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On arrival, the welcoming party.

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Beauty and the beast, you decide.

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Chick, around 2 weeks old.

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Mum or Dad.

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Another adult with a chick, 5 minutes before this was taken, we thought this chick was dead. The chick is around 4-5 weeks old, they are constantly being pecked by both their parents and other Gannets, and believe me a Gannet peck is none too pleasant an experience. As you can see the nest is not very impressive, last year many of the nests contained plastic debris. 

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An adult returning presumably from a fishing trip.

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3-4 weeks old.

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Around 2 weeks old.

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Mature adult in flight, the sun came out for a short period.

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A juvenile in flight, it has not quite got full adult markings therefore possibly about 2-3 years old. Aerial manoeuvres to resolve an itch!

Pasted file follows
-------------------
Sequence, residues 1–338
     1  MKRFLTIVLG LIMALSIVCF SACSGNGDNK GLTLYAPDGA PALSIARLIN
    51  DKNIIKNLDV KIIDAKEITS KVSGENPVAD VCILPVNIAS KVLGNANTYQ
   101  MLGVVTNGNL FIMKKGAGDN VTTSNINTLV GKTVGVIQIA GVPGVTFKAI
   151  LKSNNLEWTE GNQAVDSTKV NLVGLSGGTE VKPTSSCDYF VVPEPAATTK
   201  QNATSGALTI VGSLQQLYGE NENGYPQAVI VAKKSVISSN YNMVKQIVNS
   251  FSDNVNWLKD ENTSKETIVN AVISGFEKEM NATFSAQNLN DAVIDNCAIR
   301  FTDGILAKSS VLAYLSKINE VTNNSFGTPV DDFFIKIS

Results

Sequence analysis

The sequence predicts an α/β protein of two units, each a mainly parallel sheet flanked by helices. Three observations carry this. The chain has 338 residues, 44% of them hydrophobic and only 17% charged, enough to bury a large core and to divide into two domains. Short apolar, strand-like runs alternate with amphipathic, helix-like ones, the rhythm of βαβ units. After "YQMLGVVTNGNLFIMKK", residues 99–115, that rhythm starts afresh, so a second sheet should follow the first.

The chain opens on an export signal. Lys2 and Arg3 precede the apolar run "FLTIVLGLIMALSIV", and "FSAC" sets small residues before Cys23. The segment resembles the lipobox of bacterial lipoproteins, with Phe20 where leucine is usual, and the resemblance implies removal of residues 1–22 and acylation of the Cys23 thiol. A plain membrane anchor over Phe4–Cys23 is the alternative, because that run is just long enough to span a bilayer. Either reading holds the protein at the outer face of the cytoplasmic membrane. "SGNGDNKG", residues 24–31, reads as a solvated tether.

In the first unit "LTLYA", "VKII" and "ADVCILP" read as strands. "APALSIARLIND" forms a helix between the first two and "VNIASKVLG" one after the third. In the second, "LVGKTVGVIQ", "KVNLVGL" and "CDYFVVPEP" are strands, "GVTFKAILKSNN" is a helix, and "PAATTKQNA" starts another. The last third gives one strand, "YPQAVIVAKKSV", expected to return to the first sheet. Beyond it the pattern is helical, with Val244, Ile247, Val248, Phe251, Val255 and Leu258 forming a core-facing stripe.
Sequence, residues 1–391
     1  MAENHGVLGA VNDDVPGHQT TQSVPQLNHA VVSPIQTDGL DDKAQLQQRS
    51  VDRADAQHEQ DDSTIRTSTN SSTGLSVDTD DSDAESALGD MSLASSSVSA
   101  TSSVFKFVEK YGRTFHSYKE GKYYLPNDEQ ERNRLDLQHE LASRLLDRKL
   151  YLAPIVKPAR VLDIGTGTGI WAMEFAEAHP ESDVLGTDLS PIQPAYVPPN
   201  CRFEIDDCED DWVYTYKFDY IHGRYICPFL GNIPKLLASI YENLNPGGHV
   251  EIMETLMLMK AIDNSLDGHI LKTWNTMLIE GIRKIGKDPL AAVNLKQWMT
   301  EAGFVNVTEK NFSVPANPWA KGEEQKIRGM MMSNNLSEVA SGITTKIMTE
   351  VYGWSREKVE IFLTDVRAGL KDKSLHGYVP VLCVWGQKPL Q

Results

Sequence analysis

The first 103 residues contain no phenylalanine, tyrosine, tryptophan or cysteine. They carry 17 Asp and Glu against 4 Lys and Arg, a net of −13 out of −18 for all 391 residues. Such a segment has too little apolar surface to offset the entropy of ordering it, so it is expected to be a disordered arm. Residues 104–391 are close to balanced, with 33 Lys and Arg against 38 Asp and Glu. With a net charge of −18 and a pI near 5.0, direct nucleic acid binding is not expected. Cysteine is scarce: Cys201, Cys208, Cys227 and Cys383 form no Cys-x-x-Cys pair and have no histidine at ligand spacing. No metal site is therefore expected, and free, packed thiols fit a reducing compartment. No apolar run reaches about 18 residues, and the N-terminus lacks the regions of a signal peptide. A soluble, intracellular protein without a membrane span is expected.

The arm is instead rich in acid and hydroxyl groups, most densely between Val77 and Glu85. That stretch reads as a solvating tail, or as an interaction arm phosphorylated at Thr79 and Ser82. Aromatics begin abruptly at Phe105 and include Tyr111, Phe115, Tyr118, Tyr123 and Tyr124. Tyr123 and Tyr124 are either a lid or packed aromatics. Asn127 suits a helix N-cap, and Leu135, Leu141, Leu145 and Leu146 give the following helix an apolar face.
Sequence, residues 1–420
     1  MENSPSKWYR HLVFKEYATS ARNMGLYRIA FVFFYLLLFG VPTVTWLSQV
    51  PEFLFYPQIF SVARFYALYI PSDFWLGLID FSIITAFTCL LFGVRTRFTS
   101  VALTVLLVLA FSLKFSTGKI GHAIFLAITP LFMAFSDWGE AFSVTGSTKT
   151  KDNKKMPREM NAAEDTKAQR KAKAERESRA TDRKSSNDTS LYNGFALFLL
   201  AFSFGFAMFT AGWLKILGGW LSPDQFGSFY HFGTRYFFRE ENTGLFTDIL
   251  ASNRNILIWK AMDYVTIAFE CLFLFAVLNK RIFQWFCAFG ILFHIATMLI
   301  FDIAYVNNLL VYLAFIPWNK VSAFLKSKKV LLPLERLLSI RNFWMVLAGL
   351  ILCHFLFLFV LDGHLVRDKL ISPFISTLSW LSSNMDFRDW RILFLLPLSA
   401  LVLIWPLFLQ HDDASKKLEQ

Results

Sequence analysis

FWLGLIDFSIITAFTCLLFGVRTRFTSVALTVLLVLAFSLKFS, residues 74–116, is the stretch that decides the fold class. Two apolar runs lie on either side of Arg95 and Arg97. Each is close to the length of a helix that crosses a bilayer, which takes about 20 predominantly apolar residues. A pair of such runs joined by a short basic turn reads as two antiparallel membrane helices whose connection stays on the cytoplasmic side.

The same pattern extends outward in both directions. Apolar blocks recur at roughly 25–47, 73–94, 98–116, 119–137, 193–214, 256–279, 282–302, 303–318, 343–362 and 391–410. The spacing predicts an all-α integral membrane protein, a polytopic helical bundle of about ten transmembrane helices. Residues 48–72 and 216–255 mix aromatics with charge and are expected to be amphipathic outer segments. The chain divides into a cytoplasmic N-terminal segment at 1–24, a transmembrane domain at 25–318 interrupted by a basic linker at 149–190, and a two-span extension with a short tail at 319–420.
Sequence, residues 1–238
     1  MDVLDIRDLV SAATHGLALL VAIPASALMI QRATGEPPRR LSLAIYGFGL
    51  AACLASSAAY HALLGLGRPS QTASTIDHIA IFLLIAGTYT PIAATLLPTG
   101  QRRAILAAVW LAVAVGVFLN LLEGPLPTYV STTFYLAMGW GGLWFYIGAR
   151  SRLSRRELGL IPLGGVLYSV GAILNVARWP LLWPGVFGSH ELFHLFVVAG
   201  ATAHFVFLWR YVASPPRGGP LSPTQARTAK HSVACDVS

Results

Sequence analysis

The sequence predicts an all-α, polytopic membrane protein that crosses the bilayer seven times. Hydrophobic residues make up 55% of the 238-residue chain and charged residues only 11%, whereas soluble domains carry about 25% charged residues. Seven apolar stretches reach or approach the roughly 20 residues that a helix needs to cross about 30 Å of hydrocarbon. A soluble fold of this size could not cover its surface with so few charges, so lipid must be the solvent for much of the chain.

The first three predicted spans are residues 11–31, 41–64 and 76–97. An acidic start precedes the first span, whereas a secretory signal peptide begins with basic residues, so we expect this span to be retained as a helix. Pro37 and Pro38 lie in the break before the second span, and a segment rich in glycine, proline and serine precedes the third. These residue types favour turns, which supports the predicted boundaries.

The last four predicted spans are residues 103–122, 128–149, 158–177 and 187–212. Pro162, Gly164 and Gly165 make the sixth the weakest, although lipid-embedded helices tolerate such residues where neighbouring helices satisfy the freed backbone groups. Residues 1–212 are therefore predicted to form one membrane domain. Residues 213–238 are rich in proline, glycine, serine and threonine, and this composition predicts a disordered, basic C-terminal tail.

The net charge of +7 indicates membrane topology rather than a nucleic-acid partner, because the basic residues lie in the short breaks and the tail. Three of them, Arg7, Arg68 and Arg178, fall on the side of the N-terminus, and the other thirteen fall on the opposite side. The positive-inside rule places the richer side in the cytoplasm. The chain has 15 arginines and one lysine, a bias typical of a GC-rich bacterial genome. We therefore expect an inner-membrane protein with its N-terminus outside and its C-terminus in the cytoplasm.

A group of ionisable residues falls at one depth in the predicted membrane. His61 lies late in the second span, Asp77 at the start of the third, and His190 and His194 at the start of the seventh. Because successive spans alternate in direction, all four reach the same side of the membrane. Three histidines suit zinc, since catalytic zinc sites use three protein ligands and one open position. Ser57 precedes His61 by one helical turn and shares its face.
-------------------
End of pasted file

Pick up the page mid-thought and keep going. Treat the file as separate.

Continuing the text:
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Which has the largest carbon footprint?

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It is a great place to practice taking images of 'birds in flight'. 

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The sheer concentration of birds is impossible to describe.

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Preparing to land.

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Landing always causes problems for the neighbours in the vicinity of the chosen spot. Watching them find the correct site is fascinating. They all approach from the same direction, hundreds at a time and often have to circle the island several times to get their bearings. Then when they have located the right nesting area it is flaps and undercarriage down and more often than not a crash landing.